Shell has inserted staff into all relevant ministries of the Nigerian government, according to leaked US diplomatic messages.
They show that the former top executive for the Anglo-Dutch oil company in Nigeria told US Ambassador Robin Renee Sanders that Shell knew "everything that was being done in those ministries."
Ann Pickard, then Shell's executive vice president for sub-Saharan Africa, boasted that the Nigerian government had "forgotten" about the extent of Shell's infiltration and was unaware of how much the company knew about its deliberations.
The leaked messages are published in UK broadsheet The Guardian. It writes that the secret diplomatic exchange from US embassies in Africa revealed that Shell shared intelligence with Washington. In one case, the company provided US diplomats with the names of Nigerian politicians it suspected of supporting militant activity, and requesting information from the US on whether the militants had acquired anti-aircraft missiles.
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Another leaked document shows that Ms Pickard was guarded in her discussions with US diplomats. "Pickard has repeatedly told us she does not like to talk to USG [US government] officials because the USG is 'leaky'." She may be concerned that ... bad news about Shell's Nigerian operations will leak out."
According to human rights activists, the leaked information reveals the extent of the entanglement between Shell and Nigerian politics. The West African country earns billions of euros in oil revenues but 70 percent of its population live below the poverty line.
"More powerful than the government"
Celestine AkpoBari of Social Action Nigeria said "Shell and the government of Nigeria are two sides of the same coin. Shell is everywhere. They have an eye and an ear in every ministry of Nigeria. They have people on the payroll in every community, which is why they get away with everything. They are more powerful than the Nigerian government."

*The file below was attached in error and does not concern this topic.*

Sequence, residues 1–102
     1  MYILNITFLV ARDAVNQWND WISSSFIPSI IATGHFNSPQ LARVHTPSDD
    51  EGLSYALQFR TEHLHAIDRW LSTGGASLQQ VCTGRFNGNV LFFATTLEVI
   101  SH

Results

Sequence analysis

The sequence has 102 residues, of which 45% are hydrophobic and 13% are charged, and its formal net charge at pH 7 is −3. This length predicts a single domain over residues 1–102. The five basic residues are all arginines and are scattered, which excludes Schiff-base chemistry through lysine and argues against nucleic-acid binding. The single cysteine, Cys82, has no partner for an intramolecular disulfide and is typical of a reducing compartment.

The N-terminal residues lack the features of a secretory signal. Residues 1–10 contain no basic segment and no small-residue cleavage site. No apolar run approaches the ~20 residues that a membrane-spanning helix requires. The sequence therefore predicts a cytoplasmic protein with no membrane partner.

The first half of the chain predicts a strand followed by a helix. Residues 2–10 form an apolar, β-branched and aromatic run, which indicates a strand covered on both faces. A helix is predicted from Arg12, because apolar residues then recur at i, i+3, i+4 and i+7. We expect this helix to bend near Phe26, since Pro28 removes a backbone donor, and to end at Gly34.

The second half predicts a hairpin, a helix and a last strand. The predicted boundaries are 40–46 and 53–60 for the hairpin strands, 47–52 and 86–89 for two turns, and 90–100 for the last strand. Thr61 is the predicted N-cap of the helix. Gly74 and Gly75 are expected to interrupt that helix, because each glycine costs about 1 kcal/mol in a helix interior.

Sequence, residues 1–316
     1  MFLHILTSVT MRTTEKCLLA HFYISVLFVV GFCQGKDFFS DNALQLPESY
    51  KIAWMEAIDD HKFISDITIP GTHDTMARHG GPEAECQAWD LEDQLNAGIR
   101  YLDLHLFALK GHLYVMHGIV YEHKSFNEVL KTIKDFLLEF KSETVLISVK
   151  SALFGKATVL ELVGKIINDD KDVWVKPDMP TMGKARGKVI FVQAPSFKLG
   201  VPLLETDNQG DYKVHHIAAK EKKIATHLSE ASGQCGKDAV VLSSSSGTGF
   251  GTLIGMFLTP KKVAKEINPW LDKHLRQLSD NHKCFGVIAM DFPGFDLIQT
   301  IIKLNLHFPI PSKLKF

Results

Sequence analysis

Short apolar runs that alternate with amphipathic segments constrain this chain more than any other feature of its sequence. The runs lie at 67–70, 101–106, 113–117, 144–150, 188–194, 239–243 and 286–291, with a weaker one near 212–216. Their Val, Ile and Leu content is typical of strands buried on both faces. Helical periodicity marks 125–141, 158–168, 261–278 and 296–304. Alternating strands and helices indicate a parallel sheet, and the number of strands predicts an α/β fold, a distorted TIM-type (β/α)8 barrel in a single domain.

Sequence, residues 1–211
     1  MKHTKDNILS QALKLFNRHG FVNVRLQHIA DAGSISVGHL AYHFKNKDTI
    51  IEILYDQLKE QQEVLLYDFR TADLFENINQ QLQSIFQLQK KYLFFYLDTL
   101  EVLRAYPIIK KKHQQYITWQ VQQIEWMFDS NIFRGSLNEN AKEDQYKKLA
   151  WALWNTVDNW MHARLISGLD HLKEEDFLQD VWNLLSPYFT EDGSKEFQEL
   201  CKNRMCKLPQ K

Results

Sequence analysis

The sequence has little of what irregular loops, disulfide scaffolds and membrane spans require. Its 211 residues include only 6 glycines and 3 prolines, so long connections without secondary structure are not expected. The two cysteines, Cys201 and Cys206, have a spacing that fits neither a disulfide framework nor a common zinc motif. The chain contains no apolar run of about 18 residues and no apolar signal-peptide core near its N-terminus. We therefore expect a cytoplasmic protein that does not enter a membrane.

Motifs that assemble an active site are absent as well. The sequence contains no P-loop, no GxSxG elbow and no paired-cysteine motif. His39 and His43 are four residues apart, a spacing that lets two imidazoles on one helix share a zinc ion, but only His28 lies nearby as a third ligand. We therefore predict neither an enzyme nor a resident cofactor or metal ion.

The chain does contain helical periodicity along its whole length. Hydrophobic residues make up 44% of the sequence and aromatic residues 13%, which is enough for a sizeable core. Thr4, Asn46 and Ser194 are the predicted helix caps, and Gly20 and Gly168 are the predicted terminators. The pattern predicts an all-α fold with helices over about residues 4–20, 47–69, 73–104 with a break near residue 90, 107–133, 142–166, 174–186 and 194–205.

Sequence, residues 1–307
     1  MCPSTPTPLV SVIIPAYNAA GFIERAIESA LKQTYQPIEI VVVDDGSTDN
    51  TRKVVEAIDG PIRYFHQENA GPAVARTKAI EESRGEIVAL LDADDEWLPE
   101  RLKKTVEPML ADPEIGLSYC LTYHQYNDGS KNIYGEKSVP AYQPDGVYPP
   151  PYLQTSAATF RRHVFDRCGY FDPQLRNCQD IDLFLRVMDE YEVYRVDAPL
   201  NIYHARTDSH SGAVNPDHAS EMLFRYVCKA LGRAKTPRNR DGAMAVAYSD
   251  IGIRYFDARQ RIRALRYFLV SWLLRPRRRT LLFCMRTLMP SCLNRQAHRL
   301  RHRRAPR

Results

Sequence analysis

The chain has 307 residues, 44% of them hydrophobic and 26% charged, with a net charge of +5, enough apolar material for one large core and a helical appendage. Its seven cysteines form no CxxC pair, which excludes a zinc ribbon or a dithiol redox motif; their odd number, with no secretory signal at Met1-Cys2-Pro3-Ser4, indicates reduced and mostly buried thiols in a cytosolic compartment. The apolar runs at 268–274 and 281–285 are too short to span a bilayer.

Ben Amunwa of the London-based oil watchdog Platform concurred: "Shell claims to have nothing to do with Nigerian politics. In reality, Shell works deep inside the system, and has long exploited political channels in Nigeria to its own advantage."
Nigeria on Wednesday denied the reports: "Shell does not control the government of Nigeria and has never controlled the government of Nigeria. This cable is the mere interpretation of one individual."
Shell spokesperson Wim van der Wiel told RNW that "The Guardian's assumption that Shell has somehow infiltrated the government of Nigeria is absolutely untrue, false and misleading."
Sunny Ofehe, an environmental and peace activist in the Niger Delta said,
"It’s no news to me. We have always known that Shell has great access to certain governmental departments. As a multinational oil company they have the influence even to decide who becomes a minister or a political leader.”
“Of course we’ve seen the power of multinationals worldwide, not only in Nigeria. But in the case of Nigeria you should remember that we have some corrupt government institutions that easily fall to cash payments. So it’s easy to break into ministerial positions and the government.”
“I think it actually started in the time of the military era in 1983. That was the period of oil boom. The military were very corrupt. They were ready to do anything as long as the oil money was coming to Abuja.”